Three silk-draped skeletons found in a cathedral crypt have been identified as grand masters who ruled the Teutonic Knights in the 14th and 15th centuries.
An archaeologist in the city of Kwidzyn — the Teutonic fortress of Marienwerder in the Middle Ages — said today that DNA tests indicate the remains are those of Werner von Orseln, the knights' leader from 1324-1330; Ludolf Koenig, who ruled from 1342-1345; and Heinrich von Plauen, who reigned from 1410-1413.
"Taking everything into account, we see that we are dealing with Teutonic Knights grand masters," Bogumil Wisniewski, an archaeologist who spearheaded the search, told The Associated Press. "We are 95, 96 percent sure it is them."
Paintings and Malnutrition Support Findings
He said the skeletons were found in wooden coffins and draped in silks, some painted with gold. DNA tests matched their age to that of the death age of the three grand masters. They also revealed temporary malnutrition in one of the skeletons that could match the 10-year imprisonment of von Plauen.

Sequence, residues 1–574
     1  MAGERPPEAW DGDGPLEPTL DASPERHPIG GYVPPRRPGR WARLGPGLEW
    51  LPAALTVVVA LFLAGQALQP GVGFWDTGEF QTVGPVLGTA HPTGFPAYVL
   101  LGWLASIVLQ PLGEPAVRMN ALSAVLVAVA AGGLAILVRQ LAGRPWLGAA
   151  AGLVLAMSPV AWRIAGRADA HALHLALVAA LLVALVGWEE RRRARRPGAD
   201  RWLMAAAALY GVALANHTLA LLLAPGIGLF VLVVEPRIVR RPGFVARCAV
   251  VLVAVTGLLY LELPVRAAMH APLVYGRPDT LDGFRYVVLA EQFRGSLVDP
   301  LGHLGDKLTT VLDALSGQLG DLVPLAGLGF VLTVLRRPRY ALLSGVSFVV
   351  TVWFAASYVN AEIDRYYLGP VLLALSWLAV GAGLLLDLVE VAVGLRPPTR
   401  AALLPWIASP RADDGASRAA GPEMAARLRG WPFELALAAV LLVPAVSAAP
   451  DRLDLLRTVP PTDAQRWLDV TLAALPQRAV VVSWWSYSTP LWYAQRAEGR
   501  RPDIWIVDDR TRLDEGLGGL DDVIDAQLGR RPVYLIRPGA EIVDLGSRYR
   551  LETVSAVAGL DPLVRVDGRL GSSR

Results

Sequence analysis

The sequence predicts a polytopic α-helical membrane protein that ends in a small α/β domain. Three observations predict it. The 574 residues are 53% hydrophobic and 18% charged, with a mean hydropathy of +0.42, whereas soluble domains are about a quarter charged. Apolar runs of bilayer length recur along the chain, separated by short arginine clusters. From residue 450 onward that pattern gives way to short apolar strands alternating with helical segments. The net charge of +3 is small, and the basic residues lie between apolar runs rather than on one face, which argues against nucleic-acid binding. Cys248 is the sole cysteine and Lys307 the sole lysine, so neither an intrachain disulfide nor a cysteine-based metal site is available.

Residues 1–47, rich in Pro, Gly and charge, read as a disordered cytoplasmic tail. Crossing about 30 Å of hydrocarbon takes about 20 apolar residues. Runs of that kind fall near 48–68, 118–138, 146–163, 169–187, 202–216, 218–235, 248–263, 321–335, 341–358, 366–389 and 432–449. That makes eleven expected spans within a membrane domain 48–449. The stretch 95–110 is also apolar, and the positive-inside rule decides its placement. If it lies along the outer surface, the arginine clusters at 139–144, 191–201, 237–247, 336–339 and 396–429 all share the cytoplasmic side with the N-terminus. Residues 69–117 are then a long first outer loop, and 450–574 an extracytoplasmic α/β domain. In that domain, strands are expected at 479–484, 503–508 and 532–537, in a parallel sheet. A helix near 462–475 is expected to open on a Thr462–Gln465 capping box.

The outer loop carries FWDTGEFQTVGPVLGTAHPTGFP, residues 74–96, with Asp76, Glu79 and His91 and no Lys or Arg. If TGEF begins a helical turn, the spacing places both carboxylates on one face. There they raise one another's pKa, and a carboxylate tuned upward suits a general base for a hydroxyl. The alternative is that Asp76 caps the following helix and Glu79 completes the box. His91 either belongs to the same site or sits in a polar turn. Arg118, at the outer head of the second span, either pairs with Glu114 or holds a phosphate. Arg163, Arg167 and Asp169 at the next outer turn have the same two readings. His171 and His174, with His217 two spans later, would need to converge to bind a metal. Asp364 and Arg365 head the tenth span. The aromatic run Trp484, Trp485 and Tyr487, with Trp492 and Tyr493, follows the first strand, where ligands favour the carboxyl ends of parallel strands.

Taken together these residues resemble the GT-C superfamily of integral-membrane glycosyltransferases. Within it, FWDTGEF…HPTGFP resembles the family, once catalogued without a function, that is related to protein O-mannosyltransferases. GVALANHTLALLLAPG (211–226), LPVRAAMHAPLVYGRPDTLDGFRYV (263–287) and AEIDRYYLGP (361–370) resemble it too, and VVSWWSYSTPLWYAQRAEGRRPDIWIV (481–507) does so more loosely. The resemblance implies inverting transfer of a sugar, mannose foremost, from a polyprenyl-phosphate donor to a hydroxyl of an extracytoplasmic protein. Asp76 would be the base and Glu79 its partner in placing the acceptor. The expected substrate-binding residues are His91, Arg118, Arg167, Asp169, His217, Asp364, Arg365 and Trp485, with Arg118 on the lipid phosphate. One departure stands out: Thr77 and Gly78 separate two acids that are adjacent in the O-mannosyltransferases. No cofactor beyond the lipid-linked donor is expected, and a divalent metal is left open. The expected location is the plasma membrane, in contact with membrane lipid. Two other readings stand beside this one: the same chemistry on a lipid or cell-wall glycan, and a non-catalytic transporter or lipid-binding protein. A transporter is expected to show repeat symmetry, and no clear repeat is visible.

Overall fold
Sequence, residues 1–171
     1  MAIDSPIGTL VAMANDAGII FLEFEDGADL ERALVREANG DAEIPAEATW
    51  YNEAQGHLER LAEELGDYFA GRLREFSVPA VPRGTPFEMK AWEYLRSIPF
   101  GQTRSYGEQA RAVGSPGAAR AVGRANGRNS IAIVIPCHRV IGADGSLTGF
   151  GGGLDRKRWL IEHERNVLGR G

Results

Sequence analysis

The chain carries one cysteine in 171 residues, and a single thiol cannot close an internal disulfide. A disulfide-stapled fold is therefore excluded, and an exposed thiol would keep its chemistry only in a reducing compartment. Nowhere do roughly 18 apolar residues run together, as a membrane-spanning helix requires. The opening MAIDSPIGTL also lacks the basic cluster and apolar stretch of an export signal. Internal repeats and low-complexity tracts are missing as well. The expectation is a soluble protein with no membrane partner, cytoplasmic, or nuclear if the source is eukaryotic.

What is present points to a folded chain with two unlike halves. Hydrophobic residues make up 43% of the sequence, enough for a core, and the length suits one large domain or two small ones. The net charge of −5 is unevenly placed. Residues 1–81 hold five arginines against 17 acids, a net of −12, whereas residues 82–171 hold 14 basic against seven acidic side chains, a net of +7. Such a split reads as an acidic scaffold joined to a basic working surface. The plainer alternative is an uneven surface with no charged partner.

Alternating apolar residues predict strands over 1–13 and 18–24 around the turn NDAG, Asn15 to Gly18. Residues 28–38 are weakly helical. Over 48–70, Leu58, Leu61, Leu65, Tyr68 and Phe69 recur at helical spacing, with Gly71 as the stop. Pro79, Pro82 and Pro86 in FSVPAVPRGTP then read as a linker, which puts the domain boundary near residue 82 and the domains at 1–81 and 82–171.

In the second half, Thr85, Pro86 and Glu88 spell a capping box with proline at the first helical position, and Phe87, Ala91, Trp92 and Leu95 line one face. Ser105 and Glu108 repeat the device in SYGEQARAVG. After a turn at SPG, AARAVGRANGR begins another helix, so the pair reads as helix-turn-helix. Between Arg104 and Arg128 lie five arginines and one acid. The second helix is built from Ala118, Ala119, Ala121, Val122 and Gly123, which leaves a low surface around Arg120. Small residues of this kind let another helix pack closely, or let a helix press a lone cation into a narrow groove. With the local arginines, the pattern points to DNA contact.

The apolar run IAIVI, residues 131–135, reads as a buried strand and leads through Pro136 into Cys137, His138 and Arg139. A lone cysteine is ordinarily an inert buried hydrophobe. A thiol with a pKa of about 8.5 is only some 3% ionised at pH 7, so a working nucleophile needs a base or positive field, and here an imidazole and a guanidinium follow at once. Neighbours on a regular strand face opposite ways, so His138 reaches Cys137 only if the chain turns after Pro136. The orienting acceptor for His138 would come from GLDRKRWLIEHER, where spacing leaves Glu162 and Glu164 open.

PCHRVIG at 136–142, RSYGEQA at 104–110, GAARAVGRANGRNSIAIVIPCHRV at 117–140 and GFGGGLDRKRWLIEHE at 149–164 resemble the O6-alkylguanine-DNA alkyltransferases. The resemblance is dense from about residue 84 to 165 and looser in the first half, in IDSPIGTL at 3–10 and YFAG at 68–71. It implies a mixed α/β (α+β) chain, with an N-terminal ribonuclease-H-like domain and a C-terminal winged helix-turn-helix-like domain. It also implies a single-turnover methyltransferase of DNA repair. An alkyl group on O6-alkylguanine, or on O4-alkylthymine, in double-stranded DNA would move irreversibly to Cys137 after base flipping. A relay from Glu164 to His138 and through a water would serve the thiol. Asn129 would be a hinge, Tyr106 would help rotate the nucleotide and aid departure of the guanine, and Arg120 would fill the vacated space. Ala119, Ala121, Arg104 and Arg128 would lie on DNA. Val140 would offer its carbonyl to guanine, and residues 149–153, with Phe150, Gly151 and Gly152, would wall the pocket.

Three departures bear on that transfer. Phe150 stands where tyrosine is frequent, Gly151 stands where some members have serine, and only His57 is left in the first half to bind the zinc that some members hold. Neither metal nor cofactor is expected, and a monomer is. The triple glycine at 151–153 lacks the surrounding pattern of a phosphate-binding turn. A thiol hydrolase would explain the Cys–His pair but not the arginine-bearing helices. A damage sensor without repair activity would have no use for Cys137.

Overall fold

While Wisniewski acknowledged he could only be completely certain of the identities "if I met each face-to-face and he told me his name," he said several other indicators supported the find, including wall paintings in the cathedral showing the three grand masters and historic documents saying that von Orseln and Koenig were buried there.
The Order of the Teutonic Knights was founded in the late 12th century to aid German pilgrims in the Holy Land. It became a military order, wearing trademark white coats with black crosses, forcefully bringing Christianity to pagan Prussians. It was crushed by Polish and Lithuanian forces at the Battle of Grunwald in 1410.
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